Or worse, the idiots who over tighten the plug. You don't know it until you pull it next time and the steel plug stripped out the threads on the aluminum pan. Fortunately for my car a slightly bigger plug worked out. I'm thinking of installing a magnetic plug like this so I don't have to give it more wear and tear.

I do all my own oil changes now. I bought some ramps from Harbor Freight and already had a drain pan, but I bought a bigger one so I can do both of our cars at once. I was an lube/oil tech a long time ago so I have a bunch of filter wrenches too. I'm thinking of switching to full synthetic as I've only used conventional up til now. Our cars are an '05 with 205k and my '07 with 170k, plus my engine is notorious for oil sludge buildup, so it might be good time to make the change.

I was always told growing up that synthetic was too "slippery" for higher mileage cars, and that it would slip between the compression rings and anywhere else that conventional wouldn't. Although that may have been true in the far past, synthetic is typically better for your car regardless of mileage.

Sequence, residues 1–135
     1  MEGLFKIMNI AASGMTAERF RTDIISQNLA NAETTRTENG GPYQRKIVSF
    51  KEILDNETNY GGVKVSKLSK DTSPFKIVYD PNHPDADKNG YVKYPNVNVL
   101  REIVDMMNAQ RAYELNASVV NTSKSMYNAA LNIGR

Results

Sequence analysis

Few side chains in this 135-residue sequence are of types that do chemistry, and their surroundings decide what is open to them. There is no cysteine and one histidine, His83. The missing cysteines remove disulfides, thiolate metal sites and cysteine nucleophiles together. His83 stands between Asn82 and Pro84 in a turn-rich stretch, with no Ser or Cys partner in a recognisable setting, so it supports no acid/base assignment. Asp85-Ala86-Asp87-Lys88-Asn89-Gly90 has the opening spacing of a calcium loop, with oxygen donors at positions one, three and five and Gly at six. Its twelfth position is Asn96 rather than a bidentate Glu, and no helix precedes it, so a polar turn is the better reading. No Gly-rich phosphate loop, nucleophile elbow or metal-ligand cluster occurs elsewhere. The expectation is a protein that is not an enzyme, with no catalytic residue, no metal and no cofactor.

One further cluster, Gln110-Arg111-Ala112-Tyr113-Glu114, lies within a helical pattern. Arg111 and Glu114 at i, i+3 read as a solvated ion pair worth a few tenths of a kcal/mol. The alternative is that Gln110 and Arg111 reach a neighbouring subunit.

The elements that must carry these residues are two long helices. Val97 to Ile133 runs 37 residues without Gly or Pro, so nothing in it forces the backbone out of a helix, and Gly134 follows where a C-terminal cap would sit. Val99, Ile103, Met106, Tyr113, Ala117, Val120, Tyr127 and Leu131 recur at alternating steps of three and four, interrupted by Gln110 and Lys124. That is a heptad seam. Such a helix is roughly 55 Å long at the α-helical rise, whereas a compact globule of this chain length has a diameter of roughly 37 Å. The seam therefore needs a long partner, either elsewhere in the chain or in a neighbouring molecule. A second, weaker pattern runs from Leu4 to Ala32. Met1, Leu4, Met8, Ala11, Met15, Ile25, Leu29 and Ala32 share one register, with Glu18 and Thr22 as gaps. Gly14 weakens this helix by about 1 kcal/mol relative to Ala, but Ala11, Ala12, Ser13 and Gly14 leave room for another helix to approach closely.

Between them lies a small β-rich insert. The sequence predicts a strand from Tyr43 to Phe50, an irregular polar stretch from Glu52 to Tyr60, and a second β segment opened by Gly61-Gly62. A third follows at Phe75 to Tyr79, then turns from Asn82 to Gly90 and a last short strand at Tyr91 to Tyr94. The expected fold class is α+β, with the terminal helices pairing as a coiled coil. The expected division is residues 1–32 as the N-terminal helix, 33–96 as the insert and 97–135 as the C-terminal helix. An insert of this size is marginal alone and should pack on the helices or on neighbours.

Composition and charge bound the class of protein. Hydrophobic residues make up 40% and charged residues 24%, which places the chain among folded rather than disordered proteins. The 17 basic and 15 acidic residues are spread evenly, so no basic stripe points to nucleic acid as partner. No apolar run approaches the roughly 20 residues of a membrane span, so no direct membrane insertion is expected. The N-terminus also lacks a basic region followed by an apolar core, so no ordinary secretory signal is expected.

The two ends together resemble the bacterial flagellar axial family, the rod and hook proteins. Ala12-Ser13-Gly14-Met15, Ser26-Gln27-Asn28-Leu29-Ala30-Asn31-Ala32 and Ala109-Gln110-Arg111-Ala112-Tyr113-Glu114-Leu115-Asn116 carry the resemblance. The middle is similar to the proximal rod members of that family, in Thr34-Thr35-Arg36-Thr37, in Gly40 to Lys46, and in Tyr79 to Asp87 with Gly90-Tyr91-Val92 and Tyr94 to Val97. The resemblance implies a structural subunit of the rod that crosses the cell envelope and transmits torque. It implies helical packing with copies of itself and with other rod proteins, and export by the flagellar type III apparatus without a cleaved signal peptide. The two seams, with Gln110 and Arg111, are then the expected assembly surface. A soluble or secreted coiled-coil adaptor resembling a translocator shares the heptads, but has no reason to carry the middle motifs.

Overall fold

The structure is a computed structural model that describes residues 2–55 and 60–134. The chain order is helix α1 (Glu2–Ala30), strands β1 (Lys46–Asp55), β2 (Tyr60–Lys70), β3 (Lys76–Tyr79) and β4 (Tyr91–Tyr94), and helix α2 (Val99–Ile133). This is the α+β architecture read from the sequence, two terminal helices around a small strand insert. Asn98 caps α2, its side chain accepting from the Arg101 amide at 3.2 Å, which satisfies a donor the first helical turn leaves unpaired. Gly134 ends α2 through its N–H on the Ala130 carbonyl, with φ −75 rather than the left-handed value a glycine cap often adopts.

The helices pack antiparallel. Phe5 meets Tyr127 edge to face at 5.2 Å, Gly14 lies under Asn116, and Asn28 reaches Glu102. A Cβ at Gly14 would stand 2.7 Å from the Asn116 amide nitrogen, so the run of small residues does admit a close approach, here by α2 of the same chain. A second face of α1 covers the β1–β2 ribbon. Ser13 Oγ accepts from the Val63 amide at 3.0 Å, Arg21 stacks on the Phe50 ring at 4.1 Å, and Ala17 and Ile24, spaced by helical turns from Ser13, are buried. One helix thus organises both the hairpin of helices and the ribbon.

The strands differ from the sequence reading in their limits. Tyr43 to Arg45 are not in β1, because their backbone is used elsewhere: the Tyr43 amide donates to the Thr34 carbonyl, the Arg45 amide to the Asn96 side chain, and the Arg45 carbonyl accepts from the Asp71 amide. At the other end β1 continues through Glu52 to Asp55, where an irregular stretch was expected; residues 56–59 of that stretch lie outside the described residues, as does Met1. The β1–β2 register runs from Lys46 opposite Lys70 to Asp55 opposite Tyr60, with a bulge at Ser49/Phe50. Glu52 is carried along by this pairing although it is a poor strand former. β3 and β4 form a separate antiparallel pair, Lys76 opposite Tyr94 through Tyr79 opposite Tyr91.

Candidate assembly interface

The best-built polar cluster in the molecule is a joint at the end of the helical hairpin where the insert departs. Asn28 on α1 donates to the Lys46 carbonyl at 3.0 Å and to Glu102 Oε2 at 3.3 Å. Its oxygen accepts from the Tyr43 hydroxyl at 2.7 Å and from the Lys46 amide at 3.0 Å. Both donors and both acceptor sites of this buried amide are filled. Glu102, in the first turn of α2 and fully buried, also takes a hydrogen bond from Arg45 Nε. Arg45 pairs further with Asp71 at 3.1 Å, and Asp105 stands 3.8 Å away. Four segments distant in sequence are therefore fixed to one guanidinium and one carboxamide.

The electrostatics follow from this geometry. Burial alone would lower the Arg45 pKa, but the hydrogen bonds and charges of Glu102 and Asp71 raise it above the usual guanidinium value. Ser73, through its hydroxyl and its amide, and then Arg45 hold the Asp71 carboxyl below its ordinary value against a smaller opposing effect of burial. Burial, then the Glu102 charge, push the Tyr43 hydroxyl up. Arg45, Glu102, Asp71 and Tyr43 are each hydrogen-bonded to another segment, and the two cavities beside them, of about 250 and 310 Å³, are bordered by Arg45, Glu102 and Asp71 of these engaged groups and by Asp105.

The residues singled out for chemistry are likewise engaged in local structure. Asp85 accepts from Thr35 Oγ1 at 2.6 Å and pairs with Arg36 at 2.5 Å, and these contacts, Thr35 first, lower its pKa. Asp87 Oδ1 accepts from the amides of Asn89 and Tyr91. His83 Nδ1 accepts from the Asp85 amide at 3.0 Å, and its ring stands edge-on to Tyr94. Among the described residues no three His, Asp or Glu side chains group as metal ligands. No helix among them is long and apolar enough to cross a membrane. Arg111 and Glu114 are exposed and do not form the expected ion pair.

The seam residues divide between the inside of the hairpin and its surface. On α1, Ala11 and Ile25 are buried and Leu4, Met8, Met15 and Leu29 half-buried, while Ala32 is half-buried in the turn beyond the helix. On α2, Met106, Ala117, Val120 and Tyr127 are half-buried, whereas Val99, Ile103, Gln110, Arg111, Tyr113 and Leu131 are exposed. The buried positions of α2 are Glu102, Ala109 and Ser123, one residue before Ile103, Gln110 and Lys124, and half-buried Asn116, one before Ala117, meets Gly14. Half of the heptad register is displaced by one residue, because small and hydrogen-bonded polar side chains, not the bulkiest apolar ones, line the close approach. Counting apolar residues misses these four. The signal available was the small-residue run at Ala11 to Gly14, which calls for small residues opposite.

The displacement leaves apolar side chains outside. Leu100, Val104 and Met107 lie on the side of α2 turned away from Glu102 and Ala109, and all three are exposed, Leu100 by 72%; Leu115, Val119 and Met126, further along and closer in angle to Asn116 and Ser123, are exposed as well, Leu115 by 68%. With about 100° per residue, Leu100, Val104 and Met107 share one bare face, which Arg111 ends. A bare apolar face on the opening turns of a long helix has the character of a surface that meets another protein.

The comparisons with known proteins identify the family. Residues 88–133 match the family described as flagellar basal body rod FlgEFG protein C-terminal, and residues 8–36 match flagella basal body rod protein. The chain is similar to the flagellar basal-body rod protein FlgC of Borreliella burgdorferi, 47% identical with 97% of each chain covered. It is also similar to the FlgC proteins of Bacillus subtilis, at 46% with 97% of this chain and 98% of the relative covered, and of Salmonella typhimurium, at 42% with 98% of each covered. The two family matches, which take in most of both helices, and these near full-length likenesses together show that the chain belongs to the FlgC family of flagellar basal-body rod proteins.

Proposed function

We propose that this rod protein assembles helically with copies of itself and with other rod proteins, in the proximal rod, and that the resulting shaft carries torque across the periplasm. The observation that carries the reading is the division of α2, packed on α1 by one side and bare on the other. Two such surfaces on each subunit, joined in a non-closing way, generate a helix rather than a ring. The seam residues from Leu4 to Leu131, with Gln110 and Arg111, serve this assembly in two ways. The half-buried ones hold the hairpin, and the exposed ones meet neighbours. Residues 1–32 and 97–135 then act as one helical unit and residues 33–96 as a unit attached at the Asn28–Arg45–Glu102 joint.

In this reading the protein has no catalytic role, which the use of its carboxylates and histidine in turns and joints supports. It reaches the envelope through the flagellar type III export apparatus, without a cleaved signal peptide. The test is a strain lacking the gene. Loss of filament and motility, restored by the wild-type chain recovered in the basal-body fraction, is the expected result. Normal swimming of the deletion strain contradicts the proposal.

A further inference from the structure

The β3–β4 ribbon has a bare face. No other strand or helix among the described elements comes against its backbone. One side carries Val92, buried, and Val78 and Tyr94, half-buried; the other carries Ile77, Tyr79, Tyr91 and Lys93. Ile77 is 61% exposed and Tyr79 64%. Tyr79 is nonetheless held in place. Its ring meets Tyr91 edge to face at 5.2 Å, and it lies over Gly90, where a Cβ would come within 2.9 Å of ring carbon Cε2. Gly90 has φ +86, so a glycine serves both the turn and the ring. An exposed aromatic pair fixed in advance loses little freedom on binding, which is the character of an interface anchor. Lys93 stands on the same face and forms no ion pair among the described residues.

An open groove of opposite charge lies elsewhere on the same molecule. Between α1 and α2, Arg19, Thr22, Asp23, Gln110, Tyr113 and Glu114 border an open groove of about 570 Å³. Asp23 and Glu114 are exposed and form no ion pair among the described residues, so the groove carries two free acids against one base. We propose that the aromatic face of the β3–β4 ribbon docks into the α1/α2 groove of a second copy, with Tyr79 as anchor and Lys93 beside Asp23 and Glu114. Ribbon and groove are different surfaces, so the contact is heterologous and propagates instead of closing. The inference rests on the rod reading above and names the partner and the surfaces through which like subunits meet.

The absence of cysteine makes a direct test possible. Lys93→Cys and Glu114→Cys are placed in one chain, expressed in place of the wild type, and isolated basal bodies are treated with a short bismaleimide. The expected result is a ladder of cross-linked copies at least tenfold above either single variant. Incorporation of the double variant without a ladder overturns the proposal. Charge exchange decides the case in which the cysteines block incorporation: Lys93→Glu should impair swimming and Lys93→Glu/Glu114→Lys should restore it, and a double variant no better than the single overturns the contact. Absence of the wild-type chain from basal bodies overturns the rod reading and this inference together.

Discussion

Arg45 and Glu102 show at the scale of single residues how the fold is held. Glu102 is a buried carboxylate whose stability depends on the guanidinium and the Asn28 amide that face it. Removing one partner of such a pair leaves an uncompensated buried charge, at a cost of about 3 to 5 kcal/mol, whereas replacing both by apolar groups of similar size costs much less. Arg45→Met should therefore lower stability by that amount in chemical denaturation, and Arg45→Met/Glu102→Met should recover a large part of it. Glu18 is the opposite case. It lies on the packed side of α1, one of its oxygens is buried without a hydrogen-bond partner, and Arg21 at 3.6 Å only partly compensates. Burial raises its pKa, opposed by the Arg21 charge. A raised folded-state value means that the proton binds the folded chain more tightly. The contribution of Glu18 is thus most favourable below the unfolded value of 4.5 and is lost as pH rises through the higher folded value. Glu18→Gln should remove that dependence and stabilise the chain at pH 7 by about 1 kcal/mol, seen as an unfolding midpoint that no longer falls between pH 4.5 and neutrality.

gretschdrummer

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I have a 2016 V6 Mustang with about 65K miles.

I was curious as to what type (not brand) of oil I should use. Straight oil, hybrid between oil and synthetic, all synthetic or one of the fancy ones that I don't even know what's in it?

I have been using the hybrid. The guy at the garage said that is okay for now, but as the car gets more miles I should consider all synthetic.

What do you guys recommend?

Thanks in advance!
Synthetic
As that is what your owners manual says
Engine oils are so thin and viscosity is so good they lubricate excellently
 

MillerMav